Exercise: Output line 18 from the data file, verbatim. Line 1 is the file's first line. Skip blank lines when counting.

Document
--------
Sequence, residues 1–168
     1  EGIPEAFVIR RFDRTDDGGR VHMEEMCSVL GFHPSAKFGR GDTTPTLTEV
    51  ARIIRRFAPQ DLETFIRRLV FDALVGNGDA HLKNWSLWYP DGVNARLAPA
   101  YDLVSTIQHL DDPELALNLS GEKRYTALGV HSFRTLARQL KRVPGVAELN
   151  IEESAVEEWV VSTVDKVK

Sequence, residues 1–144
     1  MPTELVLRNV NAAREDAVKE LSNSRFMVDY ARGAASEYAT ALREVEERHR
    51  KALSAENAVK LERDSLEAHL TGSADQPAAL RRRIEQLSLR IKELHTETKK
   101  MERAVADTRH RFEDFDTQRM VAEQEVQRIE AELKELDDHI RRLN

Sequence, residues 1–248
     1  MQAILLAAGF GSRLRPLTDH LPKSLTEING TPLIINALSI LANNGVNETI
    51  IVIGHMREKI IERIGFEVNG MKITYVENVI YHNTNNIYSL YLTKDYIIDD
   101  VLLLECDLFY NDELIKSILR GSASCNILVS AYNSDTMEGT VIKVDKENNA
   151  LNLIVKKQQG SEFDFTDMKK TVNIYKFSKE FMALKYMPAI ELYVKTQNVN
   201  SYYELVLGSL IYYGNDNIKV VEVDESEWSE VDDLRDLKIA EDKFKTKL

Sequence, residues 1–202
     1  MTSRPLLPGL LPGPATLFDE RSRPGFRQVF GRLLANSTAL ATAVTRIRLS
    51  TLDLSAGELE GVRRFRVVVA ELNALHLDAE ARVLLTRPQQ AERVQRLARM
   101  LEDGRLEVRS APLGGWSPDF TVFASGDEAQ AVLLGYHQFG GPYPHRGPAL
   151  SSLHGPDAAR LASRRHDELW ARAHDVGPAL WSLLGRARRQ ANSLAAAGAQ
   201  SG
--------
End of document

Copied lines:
    51  TLDLSAGELE GVRRFRVVVA ELNALHLDAE ARVLLTRPQQ AERVQRLARM